In his homily Sunday, Father Chalmers said it is important to nourish faith by praying and worshipping together. He talked about the Blessed Mother’s apparitions at Fatima, and called for turning from oneself to Jesus.
Announcing the change, he said it is sad to leave, but changing parishes is part of priests’ lives. He encouraged parishioners to be grateful for the time he and they have had together and to rejoice in the time they have left. He said they’ll always be in his prayers and heart.
“It’s going to be a big loss,” James Ridick, who does custodial work at St. Stephen’s, said about his pastor and boss. “He is a people-person, and that’s where it begins.… Change does occur; it’s the reality of life.”
“This is a priest I love like a brother,” said Deacon Bruce R. Vidito, who serves at St. Stephen’s. He said Father Chalmers’ leaving is sad, but he’s happy for him to get more peace and quiet.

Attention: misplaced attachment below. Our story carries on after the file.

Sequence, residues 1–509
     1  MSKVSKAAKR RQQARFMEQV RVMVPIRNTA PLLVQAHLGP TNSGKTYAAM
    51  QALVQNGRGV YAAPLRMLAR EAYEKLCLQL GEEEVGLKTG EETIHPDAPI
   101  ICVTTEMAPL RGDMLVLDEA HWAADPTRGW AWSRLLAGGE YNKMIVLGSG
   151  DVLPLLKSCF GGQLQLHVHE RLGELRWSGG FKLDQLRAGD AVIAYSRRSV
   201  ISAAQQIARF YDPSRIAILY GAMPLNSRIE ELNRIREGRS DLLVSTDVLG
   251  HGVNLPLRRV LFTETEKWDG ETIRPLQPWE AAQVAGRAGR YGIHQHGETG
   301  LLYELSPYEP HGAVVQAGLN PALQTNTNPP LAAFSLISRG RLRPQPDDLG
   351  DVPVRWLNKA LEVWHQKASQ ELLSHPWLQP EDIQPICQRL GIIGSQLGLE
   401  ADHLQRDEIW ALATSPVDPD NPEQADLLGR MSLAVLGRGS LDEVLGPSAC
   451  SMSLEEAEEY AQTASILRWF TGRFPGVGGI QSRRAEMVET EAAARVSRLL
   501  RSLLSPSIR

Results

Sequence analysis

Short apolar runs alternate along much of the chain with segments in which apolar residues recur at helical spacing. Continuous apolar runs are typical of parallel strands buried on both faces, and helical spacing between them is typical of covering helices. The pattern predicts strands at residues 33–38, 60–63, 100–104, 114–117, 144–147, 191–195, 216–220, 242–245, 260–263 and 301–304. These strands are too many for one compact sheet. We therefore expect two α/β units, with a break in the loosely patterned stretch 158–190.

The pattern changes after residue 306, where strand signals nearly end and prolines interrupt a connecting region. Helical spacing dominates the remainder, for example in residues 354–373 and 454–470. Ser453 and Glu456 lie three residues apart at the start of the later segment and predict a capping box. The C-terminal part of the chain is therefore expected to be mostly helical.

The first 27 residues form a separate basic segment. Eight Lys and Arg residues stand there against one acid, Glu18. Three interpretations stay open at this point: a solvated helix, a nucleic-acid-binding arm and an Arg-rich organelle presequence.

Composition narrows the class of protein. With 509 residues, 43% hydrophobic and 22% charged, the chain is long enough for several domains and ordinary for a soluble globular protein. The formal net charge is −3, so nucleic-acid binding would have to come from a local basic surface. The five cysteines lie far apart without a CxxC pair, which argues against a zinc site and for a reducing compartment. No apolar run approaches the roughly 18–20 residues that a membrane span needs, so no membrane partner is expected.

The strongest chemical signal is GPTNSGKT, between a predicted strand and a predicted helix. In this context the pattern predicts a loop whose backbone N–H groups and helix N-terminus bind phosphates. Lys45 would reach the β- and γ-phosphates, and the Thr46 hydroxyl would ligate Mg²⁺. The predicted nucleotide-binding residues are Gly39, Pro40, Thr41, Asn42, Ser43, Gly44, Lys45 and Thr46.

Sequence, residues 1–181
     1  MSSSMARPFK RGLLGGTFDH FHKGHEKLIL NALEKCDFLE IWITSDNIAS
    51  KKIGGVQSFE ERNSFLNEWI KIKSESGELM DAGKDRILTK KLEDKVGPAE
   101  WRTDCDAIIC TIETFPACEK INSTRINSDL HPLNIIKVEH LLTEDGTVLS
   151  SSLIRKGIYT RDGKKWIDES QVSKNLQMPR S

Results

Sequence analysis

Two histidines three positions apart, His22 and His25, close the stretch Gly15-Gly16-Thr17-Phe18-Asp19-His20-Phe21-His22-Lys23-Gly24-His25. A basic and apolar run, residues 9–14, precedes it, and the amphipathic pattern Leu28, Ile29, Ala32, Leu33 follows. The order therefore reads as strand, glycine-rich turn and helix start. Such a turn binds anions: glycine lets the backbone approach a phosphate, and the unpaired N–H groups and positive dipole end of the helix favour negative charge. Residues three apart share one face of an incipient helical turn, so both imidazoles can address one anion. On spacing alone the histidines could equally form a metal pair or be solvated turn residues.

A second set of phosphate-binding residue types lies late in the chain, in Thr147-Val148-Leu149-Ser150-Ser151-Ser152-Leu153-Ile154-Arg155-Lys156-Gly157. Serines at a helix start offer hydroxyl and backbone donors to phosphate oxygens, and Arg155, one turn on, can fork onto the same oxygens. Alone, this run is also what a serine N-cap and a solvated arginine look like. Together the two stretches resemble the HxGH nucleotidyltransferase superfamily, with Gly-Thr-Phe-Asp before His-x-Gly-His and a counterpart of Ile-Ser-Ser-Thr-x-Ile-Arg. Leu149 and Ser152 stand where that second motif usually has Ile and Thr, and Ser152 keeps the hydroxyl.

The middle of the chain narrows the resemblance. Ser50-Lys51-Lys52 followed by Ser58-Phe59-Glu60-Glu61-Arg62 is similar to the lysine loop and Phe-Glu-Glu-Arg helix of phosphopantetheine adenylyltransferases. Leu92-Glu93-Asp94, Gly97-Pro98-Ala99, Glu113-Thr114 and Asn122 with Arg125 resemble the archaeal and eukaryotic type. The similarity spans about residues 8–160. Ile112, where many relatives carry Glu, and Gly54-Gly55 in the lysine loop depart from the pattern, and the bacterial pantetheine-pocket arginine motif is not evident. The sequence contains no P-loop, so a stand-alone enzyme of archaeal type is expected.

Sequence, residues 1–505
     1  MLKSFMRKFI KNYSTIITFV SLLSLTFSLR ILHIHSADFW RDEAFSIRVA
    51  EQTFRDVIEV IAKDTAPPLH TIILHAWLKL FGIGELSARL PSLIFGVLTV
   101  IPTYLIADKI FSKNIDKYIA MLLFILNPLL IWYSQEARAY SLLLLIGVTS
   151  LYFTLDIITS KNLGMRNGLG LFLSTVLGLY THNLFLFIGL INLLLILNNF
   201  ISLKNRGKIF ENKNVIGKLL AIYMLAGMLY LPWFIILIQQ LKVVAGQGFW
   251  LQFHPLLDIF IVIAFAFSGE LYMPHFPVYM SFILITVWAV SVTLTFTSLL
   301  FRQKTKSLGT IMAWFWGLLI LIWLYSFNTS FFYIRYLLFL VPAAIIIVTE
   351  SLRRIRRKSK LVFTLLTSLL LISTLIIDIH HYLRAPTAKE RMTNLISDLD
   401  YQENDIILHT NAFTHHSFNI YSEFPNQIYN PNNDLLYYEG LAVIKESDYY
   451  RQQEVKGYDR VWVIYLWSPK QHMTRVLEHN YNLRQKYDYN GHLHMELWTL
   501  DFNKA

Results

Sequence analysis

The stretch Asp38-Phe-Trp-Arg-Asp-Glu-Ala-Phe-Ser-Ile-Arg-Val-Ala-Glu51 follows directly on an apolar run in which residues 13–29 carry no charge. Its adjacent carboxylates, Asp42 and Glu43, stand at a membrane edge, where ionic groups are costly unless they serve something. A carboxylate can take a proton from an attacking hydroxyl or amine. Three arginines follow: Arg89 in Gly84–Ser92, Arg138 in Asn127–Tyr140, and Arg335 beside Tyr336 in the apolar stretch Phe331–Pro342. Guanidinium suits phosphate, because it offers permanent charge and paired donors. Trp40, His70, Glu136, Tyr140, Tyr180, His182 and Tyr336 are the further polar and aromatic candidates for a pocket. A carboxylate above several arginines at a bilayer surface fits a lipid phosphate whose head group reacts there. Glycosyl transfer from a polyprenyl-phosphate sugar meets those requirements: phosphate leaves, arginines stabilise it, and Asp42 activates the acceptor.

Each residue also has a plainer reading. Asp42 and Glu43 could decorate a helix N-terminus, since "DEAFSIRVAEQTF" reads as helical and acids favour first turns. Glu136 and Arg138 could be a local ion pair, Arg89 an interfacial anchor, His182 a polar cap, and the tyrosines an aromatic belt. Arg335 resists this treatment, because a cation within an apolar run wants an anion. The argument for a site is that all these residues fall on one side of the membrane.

Lifelong parishioner Nora M. Donoghue, 87, also praised their “wonderful pastor” who she said knows his parishioners.
She said that in the past she was part of a cluster committee in which representatives of St. Stephen’s, Notre Dame-St. Joseph, St. Margaret Mary and Our Lady of Mount Carmel parishes gathered data about their parishes in an effort to see what resources they could share. It was a good process, but hard where changes were made, she said.
Since then, St. Margaret Mary and Our Lady of Mount Carmel have each merged with another parish and neither of their church buildings is being used for Catholic worship.
“I understand intellectually … the realities of necessary decisions in terms of the data,” Ms. Donoghue said. “The younger population is not attending,” and demographics have changed. “But it’s very hard with parishioners with so much loyalty here…. Other parishes have been through this. But life goes on.”
She also mentioned hopeful signs: faithful young parishioners, 18 first Communion students and 17 people receiving sacraments at the Easter Vigil.
“That’s what the future is all about and that’s what the Church is all about,” she said.